The people designing these systems are too focussed on turning the world into a giant game of factorio for themselves. Industry often prioritise profit. Government often prioritise spending less money on disadvantaged individuals. The intersection of these motives inevitably leads to problems for people!
We can’t go around asking people “what variables do you want us to use to build an automated system that decides if you’re going to lose your job?” It’s not just about how difficult people are to reach (e.g. people without an address), it’s also their justified mistrust of engaging with people collecting data.
How do people complain against systemic issues? We can complain individually, or write reviews online.
Huw gave outreach talks to some school students, teaching linear models and getting students to design algorithmic decision making systems to evaluate teachers. He was being asked to explain what went wrong with the GSCE results because the students had no one else to challenge. With the school grades debacle, public opinion overturned a terrible decision (eventually). Public outcry only came about in exam results because it affected more people - it affected people who didn’t expect to be affected by it.
Have you previously experienced any examples of “maths washing” of systems and problems addressed by automated systems?#
Have we ever maths washed someone? By “maths washing” we essentially mean gloss over an explanation of something technical, potentially in a condescending or patronising manner.
Maths washing is an interesting idea that we hope to discuss further in the future. In the context of algorithmic decision making, it typically comes up where a decision made by an algorithm is questioned (a request to “look under the hood/inside the black box”) and that query is dismissed as “you wouldn’t understand the complex inner workings of this system”. Often times very few people do understand these algorithms.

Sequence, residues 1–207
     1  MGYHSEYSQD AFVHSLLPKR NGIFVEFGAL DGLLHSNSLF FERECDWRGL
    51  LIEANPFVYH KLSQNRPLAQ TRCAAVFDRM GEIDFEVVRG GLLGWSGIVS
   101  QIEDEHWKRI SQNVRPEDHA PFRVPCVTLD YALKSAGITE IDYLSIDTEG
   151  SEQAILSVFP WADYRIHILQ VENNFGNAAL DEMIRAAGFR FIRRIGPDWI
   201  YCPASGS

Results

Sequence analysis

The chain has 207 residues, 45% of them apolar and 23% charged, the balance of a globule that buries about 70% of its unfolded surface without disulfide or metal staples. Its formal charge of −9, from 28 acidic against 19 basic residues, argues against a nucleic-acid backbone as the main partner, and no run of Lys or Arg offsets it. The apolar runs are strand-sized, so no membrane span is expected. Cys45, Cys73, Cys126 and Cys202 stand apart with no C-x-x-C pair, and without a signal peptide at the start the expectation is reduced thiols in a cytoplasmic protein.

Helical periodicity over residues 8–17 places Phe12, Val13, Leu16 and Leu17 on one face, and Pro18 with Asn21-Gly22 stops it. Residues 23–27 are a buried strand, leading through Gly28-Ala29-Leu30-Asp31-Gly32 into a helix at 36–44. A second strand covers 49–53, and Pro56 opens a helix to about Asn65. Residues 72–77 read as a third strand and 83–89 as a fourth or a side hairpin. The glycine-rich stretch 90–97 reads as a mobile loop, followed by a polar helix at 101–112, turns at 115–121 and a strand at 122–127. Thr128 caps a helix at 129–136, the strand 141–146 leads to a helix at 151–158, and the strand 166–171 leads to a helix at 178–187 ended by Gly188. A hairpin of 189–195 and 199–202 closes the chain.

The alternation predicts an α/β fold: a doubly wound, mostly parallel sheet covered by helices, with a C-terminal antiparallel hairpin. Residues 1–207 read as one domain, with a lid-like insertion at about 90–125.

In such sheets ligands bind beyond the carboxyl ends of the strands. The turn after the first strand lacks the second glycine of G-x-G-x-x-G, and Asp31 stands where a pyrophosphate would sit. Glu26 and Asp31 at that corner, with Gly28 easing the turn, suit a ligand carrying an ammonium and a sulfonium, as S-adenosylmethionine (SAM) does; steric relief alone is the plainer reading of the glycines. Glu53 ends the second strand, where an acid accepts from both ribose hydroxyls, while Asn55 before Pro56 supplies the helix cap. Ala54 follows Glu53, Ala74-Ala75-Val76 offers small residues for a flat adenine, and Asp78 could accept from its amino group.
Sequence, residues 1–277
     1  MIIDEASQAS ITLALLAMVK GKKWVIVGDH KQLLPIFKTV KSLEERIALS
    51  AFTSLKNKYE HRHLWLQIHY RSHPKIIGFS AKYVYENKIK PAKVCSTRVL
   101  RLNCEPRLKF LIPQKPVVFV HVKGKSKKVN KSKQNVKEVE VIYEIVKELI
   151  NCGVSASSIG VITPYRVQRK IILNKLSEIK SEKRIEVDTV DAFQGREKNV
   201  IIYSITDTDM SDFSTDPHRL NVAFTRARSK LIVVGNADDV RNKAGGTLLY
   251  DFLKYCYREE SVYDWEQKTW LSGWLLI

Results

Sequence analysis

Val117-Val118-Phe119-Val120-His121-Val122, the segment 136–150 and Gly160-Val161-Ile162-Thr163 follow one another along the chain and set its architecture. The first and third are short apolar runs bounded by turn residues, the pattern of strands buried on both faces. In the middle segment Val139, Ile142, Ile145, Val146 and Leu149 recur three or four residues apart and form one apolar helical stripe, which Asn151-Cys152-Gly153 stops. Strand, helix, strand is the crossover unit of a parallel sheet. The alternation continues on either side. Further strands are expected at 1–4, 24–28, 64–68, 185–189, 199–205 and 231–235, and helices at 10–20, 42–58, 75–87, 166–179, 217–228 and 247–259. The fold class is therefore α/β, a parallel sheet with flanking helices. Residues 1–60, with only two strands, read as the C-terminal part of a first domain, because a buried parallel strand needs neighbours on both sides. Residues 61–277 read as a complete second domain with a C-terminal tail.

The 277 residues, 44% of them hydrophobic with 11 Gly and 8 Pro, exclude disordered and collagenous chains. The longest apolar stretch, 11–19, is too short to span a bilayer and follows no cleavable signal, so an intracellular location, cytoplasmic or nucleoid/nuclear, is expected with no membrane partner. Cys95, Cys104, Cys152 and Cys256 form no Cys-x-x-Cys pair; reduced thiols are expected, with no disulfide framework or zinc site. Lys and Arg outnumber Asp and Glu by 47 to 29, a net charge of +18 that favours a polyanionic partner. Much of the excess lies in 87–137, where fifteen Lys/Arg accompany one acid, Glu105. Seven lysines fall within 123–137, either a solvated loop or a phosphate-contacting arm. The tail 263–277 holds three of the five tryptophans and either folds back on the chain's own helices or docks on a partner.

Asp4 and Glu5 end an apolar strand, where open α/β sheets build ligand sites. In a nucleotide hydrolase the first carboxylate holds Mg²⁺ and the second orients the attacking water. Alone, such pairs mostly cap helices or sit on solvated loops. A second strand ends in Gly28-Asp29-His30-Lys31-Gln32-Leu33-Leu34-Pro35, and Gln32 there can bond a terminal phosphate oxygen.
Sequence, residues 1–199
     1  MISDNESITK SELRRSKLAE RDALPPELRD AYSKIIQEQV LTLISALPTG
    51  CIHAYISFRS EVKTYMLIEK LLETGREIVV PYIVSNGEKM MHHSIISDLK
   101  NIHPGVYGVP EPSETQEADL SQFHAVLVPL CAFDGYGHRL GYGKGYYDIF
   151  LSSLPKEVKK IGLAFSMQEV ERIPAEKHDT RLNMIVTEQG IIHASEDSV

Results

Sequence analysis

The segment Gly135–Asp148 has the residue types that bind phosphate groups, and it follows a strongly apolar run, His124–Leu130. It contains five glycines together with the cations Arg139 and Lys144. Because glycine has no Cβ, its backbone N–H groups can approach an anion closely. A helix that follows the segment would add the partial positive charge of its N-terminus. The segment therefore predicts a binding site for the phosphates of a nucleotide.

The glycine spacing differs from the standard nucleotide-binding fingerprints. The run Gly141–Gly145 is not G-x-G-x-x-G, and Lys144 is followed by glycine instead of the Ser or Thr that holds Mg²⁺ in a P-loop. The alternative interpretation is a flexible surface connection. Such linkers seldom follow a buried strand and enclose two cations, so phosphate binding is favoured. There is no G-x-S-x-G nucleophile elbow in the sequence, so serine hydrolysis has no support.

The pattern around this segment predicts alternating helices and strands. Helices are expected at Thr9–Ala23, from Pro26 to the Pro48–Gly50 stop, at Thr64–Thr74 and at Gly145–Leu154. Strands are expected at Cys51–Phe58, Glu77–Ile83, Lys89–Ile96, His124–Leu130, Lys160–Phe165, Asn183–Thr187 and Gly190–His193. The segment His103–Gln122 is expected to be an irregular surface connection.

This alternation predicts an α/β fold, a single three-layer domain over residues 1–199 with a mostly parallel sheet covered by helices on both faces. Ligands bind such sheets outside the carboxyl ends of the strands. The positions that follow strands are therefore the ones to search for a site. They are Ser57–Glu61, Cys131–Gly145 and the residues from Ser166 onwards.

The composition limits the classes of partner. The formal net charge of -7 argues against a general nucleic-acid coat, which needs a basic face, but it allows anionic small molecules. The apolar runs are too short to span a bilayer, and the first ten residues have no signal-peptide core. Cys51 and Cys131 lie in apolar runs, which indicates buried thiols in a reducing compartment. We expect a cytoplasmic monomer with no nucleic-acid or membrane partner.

In general, it’s very difficult to the get the level of communication just right. Do we hide some details or just not mention it? “Follow the science” is often used to justify any decision. This May devalue people’s trust in science if over-used.
“If you’re giving a talk to a technical audience, give a non-technical talk. If you’re giving a talk to a lay audience, give a really technical talk. Then no one will question you!”
What are the risks associated with flattening people into data?#
We discussed what risks could be associated with “flattening” people’s stories into data and had some ideas about that. Is this always a negative thing?
A kneejerk reaction is to blanket consider data flattening as always negative. After all, every data point is a person. Every person is more than a data point. Flattening data reduces implicit input from the subjects of your study.
However, some would argue that the point of data science is to reduce the amount of information in front of you and somehow focus only on something more meaningful. Too much information can often be overwhelming, cumbersone and difficult to interpret. Of course too little information risks drawing conclusions that lack foundation or “significance”.
A key element appears to be advocacy. When we flatten people into data, we mitigate their ability to advocate for themselves. Sometimes the initial data doesn’t provide much ability for advocacy, particuarly if it’s quantitative the measurement outcomes don’t allign with the wants/needs of those being “measured”. However, if among those conducting the study are people with values and objectives alligned with those being measured, there is arguably a greater potential to prevent against flattening. A good example of this might be the pharmaceutical industry, in particular pharmaceuticaul review boards. If the role of those on the review board is to ensure all medication meets a certain threshold for promoting health, then at the very least, the medication approved will typically be beneficial to health of those it is perscribed to. Of course, whether or not it’s beneficial ot their bank account is another issue.
Name, Role, Affiliation, Where to find you, Emoji to describe your day
Huw Day, PhDoer, University of Bristol, @disco_huw
Euan Bennet, Senior Research Associate, University of Bristol, @DrEuanBennet
Vanessa Hanschke, PhD Student, University of Bristol
Kamilla Wells, Citizen Developer, Australian Public Service, Brisbane.
Many other attendees who were guests for this Data Week session!